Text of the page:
Hope Canberra can regain its rationality toward China as soon as possible: Global Times editorial
Published: May 22, 2022 11:22 PM
Anthony Albanese gestures as addressing supporters in Sydney, Australia, May 21, 2022. Photo: Xinhua

Anthony Albanese gestures as addressing supporters in Sydney, Australia, May 21, 2022. Photo: Xinhua

Scott Morrison, the 30th prime minister of Australia who is termed by Bloomberg as "one of the world's most outspoken leaders in pushing back against China," lost the election on Saturday. Labor Party leader Anthony Albanese will assume office on Monday. This provides a turning point for the China-Australia relationship which is currently at a low ebb. We wish the new Australian government can bring the bilateral relationship back to the right track.

Australia's sudden turn to a hawkish anti-China stance is the most inexplicable phenomenon of international relations in recent years. China and Australia are thousands of miles apart. There are no territorial disputes or historical grievances between the two countries. During the most part of the past 50 years of their diplomatic relations, neither ideological differences nor geopolitical disputes have affected the normal, mutually beneficial exchanges between the two countries. However, this stable and mutually beneficial situation had been severely damaged by the Australian side in just a couple of years, which is lamentable.

In this election, China policy was a key issue for Australia's two parties to attack each other. Morrison, in particular, put his tough stance against China at the forefront of his election campaign. However, Saturday's results once again showed that Australians care more about their government's commitment and actions on issues related to people's well-being, such as climate change, soaring prices, and wages, than the unwarranted "China threat." This can be seen as a rectification and balance within Australia for its paranoid anti-China path and its approach of blaming China as a way out of all its problems in the past few years.

In fact, long before this election, many sober voices among Western public opinion pointed out that during its "anti-China crusade," Australia has lost the strategic balance and calmness it should have had. For quite some time, Canberra has become the most active pawn of Washington's China containment strategy, and is keen to serve as an "anti-China vanguard" and win Washington's trust by provoking China for simply no reason. It has to be said that the crux of Australia's irregular diplomacy in recent years is that the lens through which it sees its national interests is skewed or even reversed, which not only hurts others by mistake but also inflicts damages on itself.  

In the past 13 years, China has been Australia's largest trading partner, as well as Australia's largest export market and source of imports. However, in recent years, the Australian side has gone further and further down the road of politicizing trade and investment issues, frequently suppressing Chinese companies on the excuses of "national security." So far, Australia has launched hundreds of anti-dumping and anti-subsidy investigations against Chinese products, while China has made only a few cases against Australian products. The deplorable consequences of Australia's actions are already being felt in its economy.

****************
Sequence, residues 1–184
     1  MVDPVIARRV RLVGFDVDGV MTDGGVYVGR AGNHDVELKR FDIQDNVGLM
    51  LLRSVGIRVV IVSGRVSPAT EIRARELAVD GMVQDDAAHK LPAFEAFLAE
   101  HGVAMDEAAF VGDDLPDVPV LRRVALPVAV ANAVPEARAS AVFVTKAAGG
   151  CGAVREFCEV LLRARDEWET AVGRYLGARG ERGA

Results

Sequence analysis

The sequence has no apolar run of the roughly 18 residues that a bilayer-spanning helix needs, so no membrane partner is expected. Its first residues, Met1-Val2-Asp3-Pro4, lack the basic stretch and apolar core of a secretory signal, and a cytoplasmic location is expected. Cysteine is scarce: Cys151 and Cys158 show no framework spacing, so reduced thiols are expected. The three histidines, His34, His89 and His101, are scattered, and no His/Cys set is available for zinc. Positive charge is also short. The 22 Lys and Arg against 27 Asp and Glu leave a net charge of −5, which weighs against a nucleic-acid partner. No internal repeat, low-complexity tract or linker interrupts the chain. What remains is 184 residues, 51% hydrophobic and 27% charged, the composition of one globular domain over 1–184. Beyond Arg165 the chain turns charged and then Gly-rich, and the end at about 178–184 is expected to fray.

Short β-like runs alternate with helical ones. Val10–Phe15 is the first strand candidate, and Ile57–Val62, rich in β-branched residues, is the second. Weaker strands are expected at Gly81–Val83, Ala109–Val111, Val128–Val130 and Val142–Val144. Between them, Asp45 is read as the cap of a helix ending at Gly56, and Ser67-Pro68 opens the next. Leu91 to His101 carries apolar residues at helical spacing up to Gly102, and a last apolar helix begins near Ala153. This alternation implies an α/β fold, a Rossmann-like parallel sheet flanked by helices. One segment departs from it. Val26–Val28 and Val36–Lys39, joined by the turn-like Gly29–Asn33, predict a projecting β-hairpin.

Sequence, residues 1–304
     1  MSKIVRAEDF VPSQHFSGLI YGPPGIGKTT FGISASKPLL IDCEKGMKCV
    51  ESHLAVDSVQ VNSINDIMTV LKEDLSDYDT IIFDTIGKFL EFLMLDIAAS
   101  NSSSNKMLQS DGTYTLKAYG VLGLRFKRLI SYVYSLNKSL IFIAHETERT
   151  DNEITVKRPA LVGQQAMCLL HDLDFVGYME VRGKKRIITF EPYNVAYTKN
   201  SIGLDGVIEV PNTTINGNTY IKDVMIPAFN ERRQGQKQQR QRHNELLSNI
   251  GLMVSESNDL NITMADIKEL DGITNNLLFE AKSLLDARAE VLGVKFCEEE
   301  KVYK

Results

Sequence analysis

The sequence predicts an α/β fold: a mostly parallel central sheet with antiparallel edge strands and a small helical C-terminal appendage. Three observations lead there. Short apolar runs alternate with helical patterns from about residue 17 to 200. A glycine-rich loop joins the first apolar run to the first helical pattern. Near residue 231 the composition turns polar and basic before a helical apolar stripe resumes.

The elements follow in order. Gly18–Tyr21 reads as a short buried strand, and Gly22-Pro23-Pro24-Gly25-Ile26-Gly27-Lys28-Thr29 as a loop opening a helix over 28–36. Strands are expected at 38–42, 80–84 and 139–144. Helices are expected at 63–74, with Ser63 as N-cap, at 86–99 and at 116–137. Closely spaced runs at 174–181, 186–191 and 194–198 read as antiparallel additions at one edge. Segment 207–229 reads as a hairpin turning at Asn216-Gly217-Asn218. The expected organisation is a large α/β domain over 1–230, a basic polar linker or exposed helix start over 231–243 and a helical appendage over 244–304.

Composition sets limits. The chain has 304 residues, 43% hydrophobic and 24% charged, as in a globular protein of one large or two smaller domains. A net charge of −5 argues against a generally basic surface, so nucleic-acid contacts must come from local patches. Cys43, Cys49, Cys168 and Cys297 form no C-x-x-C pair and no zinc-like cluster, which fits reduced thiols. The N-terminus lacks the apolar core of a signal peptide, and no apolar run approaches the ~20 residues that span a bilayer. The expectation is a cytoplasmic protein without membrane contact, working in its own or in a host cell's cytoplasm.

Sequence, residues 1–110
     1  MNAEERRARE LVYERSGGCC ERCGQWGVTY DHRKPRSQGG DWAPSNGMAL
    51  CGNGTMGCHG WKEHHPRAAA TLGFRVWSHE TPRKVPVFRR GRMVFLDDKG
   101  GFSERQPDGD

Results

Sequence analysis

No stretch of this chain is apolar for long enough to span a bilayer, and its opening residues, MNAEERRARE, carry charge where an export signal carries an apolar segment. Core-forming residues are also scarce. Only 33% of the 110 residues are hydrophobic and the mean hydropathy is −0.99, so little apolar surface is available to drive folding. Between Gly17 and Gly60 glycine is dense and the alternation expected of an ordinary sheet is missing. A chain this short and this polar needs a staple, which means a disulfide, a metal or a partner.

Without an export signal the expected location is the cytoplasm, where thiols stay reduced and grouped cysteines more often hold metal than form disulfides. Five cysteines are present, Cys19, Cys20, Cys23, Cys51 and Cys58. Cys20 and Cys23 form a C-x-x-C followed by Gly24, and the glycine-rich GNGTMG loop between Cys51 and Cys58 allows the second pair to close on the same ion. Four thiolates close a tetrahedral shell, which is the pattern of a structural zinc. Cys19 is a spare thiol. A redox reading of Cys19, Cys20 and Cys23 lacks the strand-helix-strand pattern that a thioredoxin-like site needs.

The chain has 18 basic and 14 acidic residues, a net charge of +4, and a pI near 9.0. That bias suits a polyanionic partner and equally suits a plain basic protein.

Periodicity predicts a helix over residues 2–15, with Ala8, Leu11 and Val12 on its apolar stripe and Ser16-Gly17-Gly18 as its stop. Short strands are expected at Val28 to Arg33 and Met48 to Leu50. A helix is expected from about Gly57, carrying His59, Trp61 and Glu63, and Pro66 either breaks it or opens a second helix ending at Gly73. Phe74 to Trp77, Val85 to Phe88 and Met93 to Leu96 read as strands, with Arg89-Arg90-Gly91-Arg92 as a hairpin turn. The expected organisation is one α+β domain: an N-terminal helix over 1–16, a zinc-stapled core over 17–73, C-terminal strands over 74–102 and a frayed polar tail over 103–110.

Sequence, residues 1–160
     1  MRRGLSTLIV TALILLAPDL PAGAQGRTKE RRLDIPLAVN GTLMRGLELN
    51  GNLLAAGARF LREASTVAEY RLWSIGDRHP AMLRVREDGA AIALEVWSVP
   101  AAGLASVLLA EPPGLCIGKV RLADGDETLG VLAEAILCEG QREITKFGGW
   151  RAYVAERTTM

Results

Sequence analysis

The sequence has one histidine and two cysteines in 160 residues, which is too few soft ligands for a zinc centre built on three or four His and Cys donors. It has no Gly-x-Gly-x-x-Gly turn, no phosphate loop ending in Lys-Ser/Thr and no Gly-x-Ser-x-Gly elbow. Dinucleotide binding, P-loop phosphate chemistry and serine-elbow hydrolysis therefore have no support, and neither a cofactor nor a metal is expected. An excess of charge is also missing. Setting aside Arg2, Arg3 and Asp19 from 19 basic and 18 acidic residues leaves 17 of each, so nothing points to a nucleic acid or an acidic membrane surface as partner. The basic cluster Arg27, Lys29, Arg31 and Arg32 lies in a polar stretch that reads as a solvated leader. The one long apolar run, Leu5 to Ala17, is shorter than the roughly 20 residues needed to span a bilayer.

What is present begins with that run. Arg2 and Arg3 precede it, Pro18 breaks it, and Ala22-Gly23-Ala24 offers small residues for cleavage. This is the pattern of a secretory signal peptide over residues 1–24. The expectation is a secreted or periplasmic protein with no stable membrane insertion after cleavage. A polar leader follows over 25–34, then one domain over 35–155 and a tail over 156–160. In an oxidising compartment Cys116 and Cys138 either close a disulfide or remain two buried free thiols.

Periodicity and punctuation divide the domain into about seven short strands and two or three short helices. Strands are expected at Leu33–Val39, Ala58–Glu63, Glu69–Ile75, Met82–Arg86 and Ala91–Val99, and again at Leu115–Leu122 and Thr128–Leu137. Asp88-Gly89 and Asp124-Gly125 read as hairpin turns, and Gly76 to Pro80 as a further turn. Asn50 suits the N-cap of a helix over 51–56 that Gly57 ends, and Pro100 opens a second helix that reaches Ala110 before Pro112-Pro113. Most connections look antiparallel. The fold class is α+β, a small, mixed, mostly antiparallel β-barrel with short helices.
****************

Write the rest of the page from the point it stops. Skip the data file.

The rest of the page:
It can be said that in recent years Canberra has provided the world with a negative example of how to deal with China. Even Australia's neighbor, New Zealand, of which China is also its largest trading partner, has advised the Australian government to show due respect to China. Australia and New Zealand are facing the same geopolitical environment and have similar political systems, which shows that what Canberra called "China threat" and "economic coercion" cannot stand up to scrutiny. Canberra often acts in line with Washington's playbook and assumes Washington's role in how it thinks about its China policy, but in fact Australia's national interests are quite different from those of the US.

There is no fundamental conflict of interests between China and Australia, nor are there any major historical feuds. China has always hoped that Australia can maintain its peace and prosperity. A sound economic and trade relationship with China is one of the most important foundations of Australia's prosperity, and the Indo-Pacific region's peace and stability is also where Australia's lie. All these run counter to Washington's current strategy of sustaining its hegemony by promoting regional division and confrontation. Peace and development remain the theme of today's world. The core of Australia as a sovereign country should be to safeguard the well-being of its own people.   

Frankly speaking, against the backdrop that the US is ratcheting up "competition with China" and strengthening its alliance with Australia, it's not easy for Canberra to return to the "balanced diplomacy" of the John Howard period, which was a pleasant episode in Australia's diplomatic history. But in considering Australia's own interests, any Australian leader should keep the strategic sobriety to at least achieve a balance between the country's practical development and security. China's rise shouldn't be viewed by Australia as a "threat." Nor should differences in political system become an obstacle to the development of friendly ties between the two countries. Be it economic prosperity that Australians are concerned about or tackling climate change, China will definitely be a good partner.   

It's noticeable that when shaping their image, Albanese and his team are underlining "rationality." We hope that the new Australian government could regain "rationality" toward China and deal with China in a "mature manner" to push the China-Australia relationship back on the right track.